Why I write

Have you ever wondered why museums and archives contain so many soldiers’ letters but none from the women in their lives? Because families – and curators, in the past – didn’t think the latter worth preserving. My aim is to tell the stories of people overlooked by history: the soldiers who didn’t write poems; the nurses who weren’t posh; the women who wrote only of fruit cakes and measles; the queer, the strange, the otherwise marginalised; the people of colour living and dying in full sight yet unremarked by history.

I try to be authentic. This to me means adhering to a framework of facts, as we understand them right now; my bottom line is that nobody should fail a history exam through reading my work. It also means respecting the nuances and truths of the time. Not every public school officer suffered shell-shock. Not ever man shot at dawn was an innocent teenager – and not every General was a bombastic, heartless, moustachioed idiot. This means a lot of research; not just history books but academic papers and expert monographs. It also means contemporary newspapers and periodicals, memoirs and journals, official war diaries, casualty clearing station admission logs, photo and autograph albums, concert programmes and gymkhana schedules, picture postcards and unpublished letters.

One of my most moving experiences of research happened in the reading room of the Imperial War Museum. I had before me a box (one of several) of papers relating to Captain Noel Chavasse, Royal Army Medical Corps surgeon, VC and Bar, who died in 1917 of wounds sustained whilst carrying in a wounded man. A few papers down I came across a school report, a letter to his grandmother and a note in big, careful toddler letters: DEAR GRANNIE I LOVE YOU, NOEL. Don’t let anyone tell you the Edwardians were buttoned-up emotional cripples. (And then, another day, this time in The British Library; a neatly typed 1915 translation of a very explicit letter written by an Indian soldier to his brother back home, telling him of the delights of French brothels.)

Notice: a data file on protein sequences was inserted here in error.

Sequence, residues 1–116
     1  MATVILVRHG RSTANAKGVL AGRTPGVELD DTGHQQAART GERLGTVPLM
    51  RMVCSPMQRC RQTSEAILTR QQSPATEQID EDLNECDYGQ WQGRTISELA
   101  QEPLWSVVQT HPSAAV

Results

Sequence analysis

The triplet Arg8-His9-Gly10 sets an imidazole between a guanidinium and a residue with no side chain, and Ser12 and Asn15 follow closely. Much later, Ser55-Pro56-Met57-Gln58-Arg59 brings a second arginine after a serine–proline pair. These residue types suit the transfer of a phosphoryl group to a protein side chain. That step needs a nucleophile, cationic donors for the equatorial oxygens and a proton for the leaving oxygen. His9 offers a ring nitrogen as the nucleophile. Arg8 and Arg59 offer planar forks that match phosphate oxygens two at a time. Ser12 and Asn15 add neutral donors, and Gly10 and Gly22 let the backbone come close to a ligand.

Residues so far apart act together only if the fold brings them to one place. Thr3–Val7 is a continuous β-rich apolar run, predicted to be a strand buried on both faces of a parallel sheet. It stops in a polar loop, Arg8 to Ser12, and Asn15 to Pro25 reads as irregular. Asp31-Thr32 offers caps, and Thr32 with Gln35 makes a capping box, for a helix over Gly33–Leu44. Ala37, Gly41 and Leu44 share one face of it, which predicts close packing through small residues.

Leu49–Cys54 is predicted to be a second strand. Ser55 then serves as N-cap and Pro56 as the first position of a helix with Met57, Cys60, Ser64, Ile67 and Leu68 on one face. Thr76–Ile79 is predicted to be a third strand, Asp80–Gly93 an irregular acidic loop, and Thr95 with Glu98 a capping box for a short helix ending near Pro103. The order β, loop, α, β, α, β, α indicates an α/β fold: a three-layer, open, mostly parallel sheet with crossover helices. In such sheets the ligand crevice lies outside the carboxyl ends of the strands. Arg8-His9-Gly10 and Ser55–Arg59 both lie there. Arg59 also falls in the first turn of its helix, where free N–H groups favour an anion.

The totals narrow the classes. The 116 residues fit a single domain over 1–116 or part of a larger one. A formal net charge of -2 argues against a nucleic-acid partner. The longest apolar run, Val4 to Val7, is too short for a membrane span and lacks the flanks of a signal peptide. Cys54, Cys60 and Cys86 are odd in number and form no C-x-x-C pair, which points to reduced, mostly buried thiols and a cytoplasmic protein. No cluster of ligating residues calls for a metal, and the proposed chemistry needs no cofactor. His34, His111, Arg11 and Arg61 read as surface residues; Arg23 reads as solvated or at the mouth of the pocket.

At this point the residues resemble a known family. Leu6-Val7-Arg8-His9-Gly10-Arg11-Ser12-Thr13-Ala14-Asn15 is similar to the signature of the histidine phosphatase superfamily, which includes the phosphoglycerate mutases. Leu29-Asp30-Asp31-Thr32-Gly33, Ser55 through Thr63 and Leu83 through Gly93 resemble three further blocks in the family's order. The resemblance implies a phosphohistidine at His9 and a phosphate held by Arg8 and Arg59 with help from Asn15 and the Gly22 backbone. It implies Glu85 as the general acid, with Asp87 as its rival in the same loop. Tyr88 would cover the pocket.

But there comes a point when all the research is done and, to quote Hilary Mantel, the author “just has to make things up”. This is where you make the most of gaps in history. I’m 99% sure a mixed race Royal Artillery major called Gerard Harrington-Sykes didn’t visit a base hospital in Etaples one foggy night in March 1918 (as happens in Best Beloved) but he could have done. Everything about him fits (his background, his service) and the circumstances are entirely plausible (the front line casualty clearing stations were overwhelmed during the German offensive and the wounded were trained straight to the coast); it’s just nobody logged his name because, after a brief conversation with the woman he loved, he left without having his wound treated. And Nurse Hathaway certainly wasn’t going to record the event in her night report.

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